5. Horner syndrome
Also known as Horner-Bernard syndrome or oculosympathetic palsy, Horner syndrome is caused by a problem in the nerve pathway that connects your brainstem to your eyes and face. This condition can be congenital but also caused by trauma or stroke, and usually affects one side of the face.
6. Cluster headaches
Much like their name, cluster headaches come in groups and last for around 30 to 45 minutes, and can happen as frequently as 8 times a day. Other characteristics include severe pain behind or around one eye, but this can sometimes spread to other areas of the face, head and neck.
What are the symptoms of pinpoint pupils?
Since pinpoint pupils are also a symptom and not a condition, investigating on accompanying symptoms can help you figure out the root cause of the problem.
Overdose in opioids and other drugs can produce symptoms like a pale or clammy face, difficulty breathing, nausea or vomiting, purple or blue fingernails, as well as a slow heartbeat.
Symptoms related to injuries, trauma and stroke include vision problems such as diplopia or double vision, as well as dizziness, balance problems, and slurred speech.
As for inflammation of the iris, it’s common to experience light sensitivity, blurry vision and eye pain along with pinpoint pupils.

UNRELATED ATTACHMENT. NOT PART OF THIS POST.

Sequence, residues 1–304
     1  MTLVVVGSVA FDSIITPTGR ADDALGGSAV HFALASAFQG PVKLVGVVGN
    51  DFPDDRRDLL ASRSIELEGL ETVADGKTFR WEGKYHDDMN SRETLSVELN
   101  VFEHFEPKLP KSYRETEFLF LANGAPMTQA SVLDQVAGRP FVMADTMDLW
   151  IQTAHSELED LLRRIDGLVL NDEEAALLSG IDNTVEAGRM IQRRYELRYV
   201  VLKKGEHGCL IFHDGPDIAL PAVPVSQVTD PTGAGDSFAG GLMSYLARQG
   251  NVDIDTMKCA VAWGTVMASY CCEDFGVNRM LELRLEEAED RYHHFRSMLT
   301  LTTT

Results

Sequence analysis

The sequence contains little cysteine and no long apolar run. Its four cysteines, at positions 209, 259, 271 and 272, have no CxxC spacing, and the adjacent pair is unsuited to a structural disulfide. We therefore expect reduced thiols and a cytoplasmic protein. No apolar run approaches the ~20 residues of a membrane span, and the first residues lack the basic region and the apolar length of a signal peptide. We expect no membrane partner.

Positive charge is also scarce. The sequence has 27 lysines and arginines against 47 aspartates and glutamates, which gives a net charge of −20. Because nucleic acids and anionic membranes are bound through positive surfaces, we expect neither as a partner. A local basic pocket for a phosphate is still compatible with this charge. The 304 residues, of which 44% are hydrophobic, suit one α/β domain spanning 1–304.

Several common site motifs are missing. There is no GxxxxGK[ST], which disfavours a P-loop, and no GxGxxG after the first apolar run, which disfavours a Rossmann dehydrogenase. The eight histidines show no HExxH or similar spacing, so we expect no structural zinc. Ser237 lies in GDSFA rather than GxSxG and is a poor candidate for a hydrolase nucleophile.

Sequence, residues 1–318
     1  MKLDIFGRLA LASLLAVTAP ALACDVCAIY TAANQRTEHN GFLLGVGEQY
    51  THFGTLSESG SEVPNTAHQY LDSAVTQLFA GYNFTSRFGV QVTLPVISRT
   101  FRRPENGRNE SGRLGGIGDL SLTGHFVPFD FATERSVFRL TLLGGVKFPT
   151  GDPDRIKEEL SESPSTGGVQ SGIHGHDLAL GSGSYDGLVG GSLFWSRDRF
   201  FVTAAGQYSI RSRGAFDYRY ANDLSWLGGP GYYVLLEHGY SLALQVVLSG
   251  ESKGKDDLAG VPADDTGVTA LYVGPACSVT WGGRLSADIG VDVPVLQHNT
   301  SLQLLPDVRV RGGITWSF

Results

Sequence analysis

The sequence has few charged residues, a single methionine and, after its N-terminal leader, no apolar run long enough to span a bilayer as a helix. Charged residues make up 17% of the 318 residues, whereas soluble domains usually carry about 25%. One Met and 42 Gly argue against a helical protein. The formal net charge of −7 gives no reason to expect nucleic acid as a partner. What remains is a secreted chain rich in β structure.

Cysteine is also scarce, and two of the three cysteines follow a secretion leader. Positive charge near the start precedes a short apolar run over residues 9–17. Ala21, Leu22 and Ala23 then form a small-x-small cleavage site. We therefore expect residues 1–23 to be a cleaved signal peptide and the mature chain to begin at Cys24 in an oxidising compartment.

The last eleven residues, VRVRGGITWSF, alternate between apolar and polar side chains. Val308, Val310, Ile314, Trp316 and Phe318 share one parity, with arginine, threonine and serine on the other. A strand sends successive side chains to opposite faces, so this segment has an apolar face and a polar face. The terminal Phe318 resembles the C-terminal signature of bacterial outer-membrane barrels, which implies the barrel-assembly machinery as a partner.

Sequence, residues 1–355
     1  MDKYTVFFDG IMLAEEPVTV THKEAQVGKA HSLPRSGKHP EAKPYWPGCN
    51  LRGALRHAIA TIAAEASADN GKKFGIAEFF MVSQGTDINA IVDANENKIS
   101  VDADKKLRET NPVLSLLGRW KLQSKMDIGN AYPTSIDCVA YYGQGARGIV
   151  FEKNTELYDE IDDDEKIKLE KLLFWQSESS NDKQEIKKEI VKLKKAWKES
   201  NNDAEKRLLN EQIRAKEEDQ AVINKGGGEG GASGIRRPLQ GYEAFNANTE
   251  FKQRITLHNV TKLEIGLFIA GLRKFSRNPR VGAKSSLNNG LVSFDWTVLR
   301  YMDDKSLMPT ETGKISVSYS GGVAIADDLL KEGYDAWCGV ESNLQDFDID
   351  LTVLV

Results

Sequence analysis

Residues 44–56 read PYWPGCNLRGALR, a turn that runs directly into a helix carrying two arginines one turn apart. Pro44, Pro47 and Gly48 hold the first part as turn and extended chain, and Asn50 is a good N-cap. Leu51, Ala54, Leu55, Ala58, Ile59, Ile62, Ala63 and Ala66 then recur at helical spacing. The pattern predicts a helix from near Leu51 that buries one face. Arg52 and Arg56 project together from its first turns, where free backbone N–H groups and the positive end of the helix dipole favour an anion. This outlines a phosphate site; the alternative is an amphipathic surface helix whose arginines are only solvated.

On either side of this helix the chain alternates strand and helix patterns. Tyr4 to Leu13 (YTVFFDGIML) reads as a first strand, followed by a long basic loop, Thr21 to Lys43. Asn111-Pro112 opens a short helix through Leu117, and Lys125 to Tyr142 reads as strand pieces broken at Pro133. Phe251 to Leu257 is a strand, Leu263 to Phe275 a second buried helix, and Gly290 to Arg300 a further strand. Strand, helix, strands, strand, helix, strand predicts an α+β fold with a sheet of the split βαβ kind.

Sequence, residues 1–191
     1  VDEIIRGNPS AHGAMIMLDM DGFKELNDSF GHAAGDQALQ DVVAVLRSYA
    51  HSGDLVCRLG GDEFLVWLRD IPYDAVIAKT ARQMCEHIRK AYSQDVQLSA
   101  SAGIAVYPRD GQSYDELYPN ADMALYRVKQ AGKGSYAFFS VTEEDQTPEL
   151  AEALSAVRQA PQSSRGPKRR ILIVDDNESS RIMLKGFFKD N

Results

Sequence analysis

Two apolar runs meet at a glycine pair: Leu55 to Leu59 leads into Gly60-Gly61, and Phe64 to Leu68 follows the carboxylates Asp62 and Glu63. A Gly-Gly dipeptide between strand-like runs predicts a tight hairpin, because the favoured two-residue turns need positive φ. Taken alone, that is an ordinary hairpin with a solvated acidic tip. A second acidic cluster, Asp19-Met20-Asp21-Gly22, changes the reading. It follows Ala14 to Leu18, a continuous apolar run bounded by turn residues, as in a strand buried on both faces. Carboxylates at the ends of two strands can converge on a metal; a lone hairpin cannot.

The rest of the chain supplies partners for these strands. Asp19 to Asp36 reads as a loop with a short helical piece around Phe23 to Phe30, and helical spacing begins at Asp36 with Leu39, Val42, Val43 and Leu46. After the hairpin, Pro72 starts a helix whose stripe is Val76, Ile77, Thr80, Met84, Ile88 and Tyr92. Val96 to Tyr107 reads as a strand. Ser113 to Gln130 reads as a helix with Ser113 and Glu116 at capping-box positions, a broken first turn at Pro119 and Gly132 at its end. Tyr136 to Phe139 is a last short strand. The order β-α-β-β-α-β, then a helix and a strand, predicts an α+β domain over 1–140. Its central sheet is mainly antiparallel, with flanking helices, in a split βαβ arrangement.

Exposure to harmful chemicals can cause breathing difficulties, coughing, rapid pulse, vomiting, and excessive saliva, though some side effects may also be cognitive (e.g. decreased memory, loss of motor function, etc.) so it might be hard to catch. Luckily, your eyes can be a good sign that you may need to seek treatment.
Lastly, those with Horner syndrome may have miosis in one eye, as well as a drooping eyelid, and an inability to sweat on the affected side of the face. Cluster headaches can sometimes produce similar symptoms, particularly drooping eyelids on the same side as the headaches.
What are the treatments for pinpoint pupils?
Even though you aren’t experiencing any other symptoms besides pinpoint pupils, it is crucial to see your doctor immediately so they can perform a proper diagnosis. This can prevent more alarming symptoms from appearing, any permanent damage, and other life-threatening complications.
If your current medications are what’s causing your pinpoint pupils, then your doctor will most likely prescribe you with alternative treatments. But if it’s due to substance abuse, then your doctor can help you come up with a strategic plan to safely overcome drug dependence or addiction.
For Horner syndrome, inflammation of the iris, as well as injuries, treatment would depend from case to case. Some may require surgery (especially if a tumor is found), while others can be treated with eye drops and other medicines prescribed by your doctor.
As for pinpoint pupils due to poisoning, treatments would also vary depending on the type of poisoning and the amount of exposure. Some doctors may prescribe antidotes, sedatives, and anti-seizure medications, but if lung function is impaired, then patients would need help from a ventilator while recovering.
Remember – always check up on your eyes
And there you have it! We hope that this blog was able to give you more insight on pinpoint pupils and the importance of keeping tabs on your health—especially your eyes.
For more expert advice, do check out our blog for more health topics, including our best tips on how to find the right glasses prescription for your specific visual needs.